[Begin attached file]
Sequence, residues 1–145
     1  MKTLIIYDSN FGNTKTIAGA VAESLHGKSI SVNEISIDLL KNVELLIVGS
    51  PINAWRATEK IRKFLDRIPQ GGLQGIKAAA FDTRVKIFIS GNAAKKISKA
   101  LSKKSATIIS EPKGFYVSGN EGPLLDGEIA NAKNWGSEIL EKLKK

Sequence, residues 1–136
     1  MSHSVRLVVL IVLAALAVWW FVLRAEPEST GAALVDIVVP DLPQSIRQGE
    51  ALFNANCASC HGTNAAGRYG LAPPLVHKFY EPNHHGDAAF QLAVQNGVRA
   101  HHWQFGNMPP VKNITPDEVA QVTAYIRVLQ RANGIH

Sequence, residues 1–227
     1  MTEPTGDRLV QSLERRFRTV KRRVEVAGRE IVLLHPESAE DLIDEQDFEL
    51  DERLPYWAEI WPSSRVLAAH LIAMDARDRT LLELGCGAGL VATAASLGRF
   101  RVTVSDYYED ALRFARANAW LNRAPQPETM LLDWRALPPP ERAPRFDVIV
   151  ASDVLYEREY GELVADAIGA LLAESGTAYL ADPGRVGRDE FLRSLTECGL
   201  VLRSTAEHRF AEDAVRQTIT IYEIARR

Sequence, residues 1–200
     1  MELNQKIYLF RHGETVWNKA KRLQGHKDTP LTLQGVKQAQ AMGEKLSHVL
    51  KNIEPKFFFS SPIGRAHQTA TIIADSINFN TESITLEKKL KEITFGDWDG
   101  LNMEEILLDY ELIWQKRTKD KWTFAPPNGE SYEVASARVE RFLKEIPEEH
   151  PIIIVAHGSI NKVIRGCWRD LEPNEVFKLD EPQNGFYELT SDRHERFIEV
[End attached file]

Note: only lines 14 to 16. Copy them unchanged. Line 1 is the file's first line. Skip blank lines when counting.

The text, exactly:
   201  VLRSTAEHRF AEDAVRQTIT IYEIARR

Sequence, residues 1–200
     1  MELNQKIYLF RHGETVWNKA KRLQGHKDTP LTLQGVKQAQ AMGEKLSHVL